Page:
(Aim: SMRT) 140p, now 165p
My final pick, Smartspace Software, which makes programs to help companies with office administration, such as booking meeting rooms or desk space, was originally going to be at 100p. But in the week between the article’s submission and publication, a tip sheet also spotted the potential here and pushed the price up to 140p.
This annoyed me because even though the stock was still a buy at 140p, it meant that you as the reader had missed out on 40% upside. I’m still holding Smartspace, but the valuation is now verging on rich. I believe this company is going to continue to win business and grow, and I remain a holder.
These ideas have done reasonably well. I’d be delighted if you had done your own research on these stocks and saw some benefit. Remember, investing in Aim companies always carries risk, but as we can see the rewards are substantially higher if you pick the right stock.
Four more potential winners for the second half of 2021
(Aim: PCIP), 81.5p
PCI-Pal provides payment solutions for card not present (CNP) transactions. The company is focused on contact centres (like call centres but also including emails and interactions on websites), which are becoming increasingly omnichannel and solve the problem of handling and storing customers’ data securely. This is a real problem for its clients because under GDPR and other data regulation frameworks the cost of breaches or misuse can be seriously damaging – both financially and reputationally.
It therefore makes sense for clients to outsource this risk to a payment card industry data security standard (PCI DSS)-approved provider so they can focus on their own core competencies. PCI-Pal is now embarking on a land-grab strategy, which I believe has the potential to generate multi-bagger returns. The company raised £5.5m at 95p in April to accelerate the rollout and open up new markets. Since then, PCI-Pal has announced that revenue for the full year will be 5% ahead of market expectations and about 60% higher than last year.
What I like about this company is that it is almost cash flow-positive at these levels. Profitability has been pushed out further because of the accelerated growth strategy, but this makes sense in a market that is very much up for grabs. Gunning it to be the main player is a sensible strategy here in order to scale up and dominate.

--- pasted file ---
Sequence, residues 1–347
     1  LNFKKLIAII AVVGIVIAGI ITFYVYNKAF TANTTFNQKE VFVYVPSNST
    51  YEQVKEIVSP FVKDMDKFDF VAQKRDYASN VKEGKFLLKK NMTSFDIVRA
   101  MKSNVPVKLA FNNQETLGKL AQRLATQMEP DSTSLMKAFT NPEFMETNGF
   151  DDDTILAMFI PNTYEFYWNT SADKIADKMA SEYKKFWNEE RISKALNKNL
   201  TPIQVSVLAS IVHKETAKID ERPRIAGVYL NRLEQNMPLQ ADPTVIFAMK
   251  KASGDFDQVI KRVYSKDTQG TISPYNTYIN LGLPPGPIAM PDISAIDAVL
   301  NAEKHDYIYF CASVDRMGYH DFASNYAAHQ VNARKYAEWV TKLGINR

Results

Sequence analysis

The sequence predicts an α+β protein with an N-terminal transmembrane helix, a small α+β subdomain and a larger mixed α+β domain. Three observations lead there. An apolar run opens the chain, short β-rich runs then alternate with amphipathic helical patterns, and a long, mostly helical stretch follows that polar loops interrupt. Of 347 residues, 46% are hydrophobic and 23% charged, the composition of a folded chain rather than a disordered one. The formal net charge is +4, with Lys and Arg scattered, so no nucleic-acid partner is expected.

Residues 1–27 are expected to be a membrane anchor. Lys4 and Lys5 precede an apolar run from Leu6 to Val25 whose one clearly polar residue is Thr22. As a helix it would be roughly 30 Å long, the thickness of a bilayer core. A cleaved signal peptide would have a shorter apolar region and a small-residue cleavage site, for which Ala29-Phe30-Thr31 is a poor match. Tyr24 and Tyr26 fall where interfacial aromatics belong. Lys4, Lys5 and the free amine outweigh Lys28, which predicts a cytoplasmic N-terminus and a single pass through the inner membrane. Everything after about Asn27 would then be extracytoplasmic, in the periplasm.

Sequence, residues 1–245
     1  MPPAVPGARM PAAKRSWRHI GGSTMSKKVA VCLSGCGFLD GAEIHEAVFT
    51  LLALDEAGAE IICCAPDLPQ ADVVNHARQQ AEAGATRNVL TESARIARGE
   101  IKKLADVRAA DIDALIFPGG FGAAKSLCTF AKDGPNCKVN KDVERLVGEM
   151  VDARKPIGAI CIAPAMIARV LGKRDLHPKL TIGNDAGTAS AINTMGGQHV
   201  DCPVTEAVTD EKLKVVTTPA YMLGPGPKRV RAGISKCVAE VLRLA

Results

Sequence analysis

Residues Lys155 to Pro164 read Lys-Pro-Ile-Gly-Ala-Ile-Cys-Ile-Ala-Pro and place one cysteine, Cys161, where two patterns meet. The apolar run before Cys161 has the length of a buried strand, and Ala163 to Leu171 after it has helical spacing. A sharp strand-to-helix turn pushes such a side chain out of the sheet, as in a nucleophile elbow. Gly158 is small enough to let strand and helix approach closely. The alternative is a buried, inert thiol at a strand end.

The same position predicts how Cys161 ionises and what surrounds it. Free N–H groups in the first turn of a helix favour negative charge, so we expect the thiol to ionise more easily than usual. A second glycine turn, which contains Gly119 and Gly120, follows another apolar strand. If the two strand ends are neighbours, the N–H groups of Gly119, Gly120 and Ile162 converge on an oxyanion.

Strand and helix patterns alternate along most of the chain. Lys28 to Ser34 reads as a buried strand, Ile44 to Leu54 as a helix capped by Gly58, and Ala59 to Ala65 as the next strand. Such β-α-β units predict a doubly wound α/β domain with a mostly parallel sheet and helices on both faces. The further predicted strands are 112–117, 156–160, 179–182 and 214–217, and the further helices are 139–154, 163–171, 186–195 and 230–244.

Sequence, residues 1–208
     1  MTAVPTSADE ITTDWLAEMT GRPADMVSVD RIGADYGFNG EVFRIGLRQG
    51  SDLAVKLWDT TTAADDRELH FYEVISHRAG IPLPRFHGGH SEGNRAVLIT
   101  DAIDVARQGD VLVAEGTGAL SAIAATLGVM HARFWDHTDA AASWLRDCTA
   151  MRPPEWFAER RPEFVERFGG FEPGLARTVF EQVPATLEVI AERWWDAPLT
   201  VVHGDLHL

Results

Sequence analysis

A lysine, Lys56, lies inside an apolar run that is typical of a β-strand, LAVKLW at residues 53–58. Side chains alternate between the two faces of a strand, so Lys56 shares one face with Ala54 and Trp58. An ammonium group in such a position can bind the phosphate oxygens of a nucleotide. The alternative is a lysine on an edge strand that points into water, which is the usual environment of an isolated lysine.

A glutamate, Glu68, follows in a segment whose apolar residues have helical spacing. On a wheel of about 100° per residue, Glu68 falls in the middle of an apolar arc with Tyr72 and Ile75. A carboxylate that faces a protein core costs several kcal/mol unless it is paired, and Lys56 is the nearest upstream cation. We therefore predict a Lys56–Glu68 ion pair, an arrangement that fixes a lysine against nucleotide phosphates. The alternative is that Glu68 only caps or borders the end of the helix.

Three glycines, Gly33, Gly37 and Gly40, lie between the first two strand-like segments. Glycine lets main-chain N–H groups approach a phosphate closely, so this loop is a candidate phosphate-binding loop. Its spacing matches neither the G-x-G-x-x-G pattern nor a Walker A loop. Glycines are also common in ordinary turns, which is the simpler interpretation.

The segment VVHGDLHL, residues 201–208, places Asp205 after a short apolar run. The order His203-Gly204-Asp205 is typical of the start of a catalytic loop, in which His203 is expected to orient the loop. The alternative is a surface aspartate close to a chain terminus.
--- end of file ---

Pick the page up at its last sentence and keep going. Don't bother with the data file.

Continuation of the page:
PCI-Pal uses a channel-focused (using a middleman to distribute a product) sales approach that is different from that of its competitors. One risk here is that channel partners decide to go their own way (I believe they will in time), but for now the likes of Salesforce are happy to recommend PCI-Pal’s products to their own clients.
The potential market has around 80,000 contact centres, of which PCI-Pal so far has fewer than 500. Contrast this with the current market value of £53.5m and the potential upside is clear if management can execute effectively (there’s always a risk that it can’t). The global footprint for PCI-Pal is expanding and I hope as a shareholder that the stock price will expand with it.
(Aim: GILD), 6.75p
Guild Esports is the first London-listed esports organisation and the first to list on a major exchange globally. Many have been sceptical about esports – saying “video games aren’t a sport”. The stereotypical view of a gamer is of a geek who lives in his mother’s basement. However, darts is hardly the peak of athleticism either; or take golf – where you walk around all day and hit a ball every now and again (and someone else carries your clubs).
Professional gamers today have coaches, managers and even nutritionists. People come to watch them compete against each other in arenas. David Beckham is a shareholder in Guild and the new academy the company has brought in to develop and nurture talent is built on the footballing model. The opportunity here is for the business to create a brand that other brands wish to be associated with. However, there is no denying that the value of these sponsorships could easily fluctuate upward or downward depending on the performance of the teams Guild puts out. Naturally, my hometown football club of Hartlepool United is unlikely to be attracting luxury brand sponsorships anytime soon. But top players and top teams can command premium deals, so Guild aims to grow its audience by keeping a roster of high-quality talent and monetising that brand through commercial sponsorships.
US esports giant Faze Clan has hired a chief strategy officer with an eye for targeting luxury brands. Guild has signed a two-year multi-million pound deal with Subway, and has hinted at more to come. Guild Esports is not yet profitable – and there is no guarantee that it will be. But with a market value of £35m and £18m in net cash on the balance sheet as of 28 January 2021, the risk here is to the upside should the group deliver on its sponsorship goals.
(Aim: TRT), 77.5p